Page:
- No beer above 10% ABW (12.5% ABV) can be served as a sample or a pint. You can still buy higher-ABV beers to take home, but you can’t drink them at the brewery.
With that compromise in place, Sen. Fair has reportedly lifted his objection, clearing the way for the bill to hit the Senate floor for a vote. When it gets there, Sen. Sean Bennett (R-Summerville) will introduce an amendment to replace the insurance requirement of $1 million per occurrence and $10 million aggregate.
No word on exactly when the bill will be hit the floor, but it’s safe to say SC beer geeks are breathing a little easier today.
Tuesday, April 30, was by all accounts supposed to be the day for S.C.’s Pint Bill. People in the know told me it would finally hit the Senate floor for a vote, followed quickly by a second vote today and then back to the House for reconciliation. But, if you followed along with my Twitter feed or those of other breweries and individuals, you likely surmised that wasn’t going to happen.
Why didn’t the bill hit the floor? Because within the past week, three separate senators placed objections on the bill. That, in essence, moves the legislation to the back of the line so that unopposed bills can get taken care of before the Legislature gets bogged down in the budget debate. (By Senate rules, the bill becomes marked and the objecting senator must be present during debate or vote. If he or she is not present, there’s not vote.)
Early Tuesday, news broke that Sen. Mike Fair, R-Greenville; Sen. Kevin Bryant, R-Anderson; and Sen. Katrina Shealy, R-Lexington, all opposed the bill. The response on social media was quick, and before the Senate convened at noon, Bryant and Shealy had both dropped their objections.
I’m working on a piece about the Pint Bill for Columbia’s Free Times this week, so I spent the day contacting Fair, Shealy and Bryant about their objections. Shealy emailed me back almost immediately and wrote the following:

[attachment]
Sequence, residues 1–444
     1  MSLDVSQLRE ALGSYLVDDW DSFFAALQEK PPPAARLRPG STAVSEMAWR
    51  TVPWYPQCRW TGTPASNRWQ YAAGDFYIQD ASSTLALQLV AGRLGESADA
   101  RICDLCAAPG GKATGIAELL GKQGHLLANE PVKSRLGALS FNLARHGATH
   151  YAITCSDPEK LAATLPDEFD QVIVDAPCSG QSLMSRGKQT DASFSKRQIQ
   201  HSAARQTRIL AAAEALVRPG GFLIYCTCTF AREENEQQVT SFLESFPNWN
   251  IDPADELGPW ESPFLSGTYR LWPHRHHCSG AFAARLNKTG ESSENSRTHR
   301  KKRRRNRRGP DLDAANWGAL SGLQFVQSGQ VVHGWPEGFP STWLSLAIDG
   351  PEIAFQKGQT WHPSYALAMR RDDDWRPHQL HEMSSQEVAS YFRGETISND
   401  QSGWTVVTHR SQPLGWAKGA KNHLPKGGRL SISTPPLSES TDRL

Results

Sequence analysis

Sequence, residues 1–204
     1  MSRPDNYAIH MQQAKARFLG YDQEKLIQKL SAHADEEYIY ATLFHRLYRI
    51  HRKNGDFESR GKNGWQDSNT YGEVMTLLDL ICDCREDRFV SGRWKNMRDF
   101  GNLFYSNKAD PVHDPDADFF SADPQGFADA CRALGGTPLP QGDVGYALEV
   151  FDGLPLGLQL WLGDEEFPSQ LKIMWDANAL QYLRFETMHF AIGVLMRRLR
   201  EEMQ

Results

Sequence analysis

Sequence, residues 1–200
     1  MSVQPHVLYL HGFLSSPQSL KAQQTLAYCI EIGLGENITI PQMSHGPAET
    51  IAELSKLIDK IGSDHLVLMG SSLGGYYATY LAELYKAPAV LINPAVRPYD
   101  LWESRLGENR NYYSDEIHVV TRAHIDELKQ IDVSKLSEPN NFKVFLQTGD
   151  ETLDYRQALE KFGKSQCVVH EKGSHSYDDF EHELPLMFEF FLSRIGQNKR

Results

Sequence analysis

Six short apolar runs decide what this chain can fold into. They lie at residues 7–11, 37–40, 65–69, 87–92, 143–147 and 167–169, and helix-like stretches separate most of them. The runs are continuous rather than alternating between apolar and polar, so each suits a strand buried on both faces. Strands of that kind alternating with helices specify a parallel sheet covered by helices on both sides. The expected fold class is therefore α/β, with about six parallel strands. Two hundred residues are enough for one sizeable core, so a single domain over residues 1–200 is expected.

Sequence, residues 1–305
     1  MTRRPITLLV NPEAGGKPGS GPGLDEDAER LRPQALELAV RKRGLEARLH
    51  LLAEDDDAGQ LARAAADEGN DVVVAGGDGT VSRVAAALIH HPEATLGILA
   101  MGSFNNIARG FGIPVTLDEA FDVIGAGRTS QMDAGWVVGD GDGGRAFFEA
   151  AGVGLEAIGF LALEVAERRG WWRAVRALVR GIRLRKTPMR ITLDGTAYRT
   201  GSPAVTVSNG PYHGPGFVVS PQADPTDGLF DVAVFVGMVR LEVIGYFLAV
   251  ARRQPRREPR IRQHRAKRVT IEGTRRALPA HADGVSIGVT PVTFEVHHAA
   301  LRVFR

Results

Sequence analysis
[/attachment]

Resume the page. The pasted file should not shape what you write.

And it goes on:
“Although I still have concerns about this bill and the amount of alcohol that can be consumed, my first concern was the insurance regulations that were amended to this bill. I am not certain they are attainable. I am still not certain that breweries were not in a better position prior to this bill than they will be if this bill passes.”
That’s an understandable concern, and once it’s one she realized Sen. Sean Bennett, R-Summerville – the legislator who’s been leading the charge in support of the bill – would propose an alternate amendment, she removed her objection.
Bryant’s objection was much simpler: He just wanted more time to read the bill. He called me late Tuesday and said this:
“I just wanted to have more time to look at it. I had a feeling it was something I would support.”
Again, simple enough. Bryant had actually removed his objection last Thursday, April 25, but it hadn’t been removed for some reason. As a hardline Libertarian, Bryant said he felt no need to tell people how much they can and can’t drink.
But then there’s Fair, who hasn’t returned my calls or emails, or those of other people who have contacted him. Fair is apparently not budging on moral grounds – he’s been described to me as a “teetotaler” – and people close to the bill plan on trying to level with him this week.
I asked Bryant if he knew or understood why Fair objected to the bill, to which he replied:
“Often time, people take their personal opinions and impose them on the role of government. It’s not the government’s role to tell people how much they can and can’t sample at a brewery.”
Take that as you will.
So – and I feel like I’ve beaten this phrase into the ground – where to we go from here? That’s getting harder and harder to say. If Fair doesn’t remove his objection soon, the Pint Bill will have an increasingly hard time getting on the agenda. Bennett told me once the Legislature delves into budget debates, there’s little room for other things before the adjourn in June. Bennett remains cautiously optimistic about the bill’s passage, but he’s hedging his bets at this point. You should contact Fair and let him know why you object to his objection.
As many have said before – myself included – the Pint Bill is not dead yet. But if anything, it’s on its deathbed.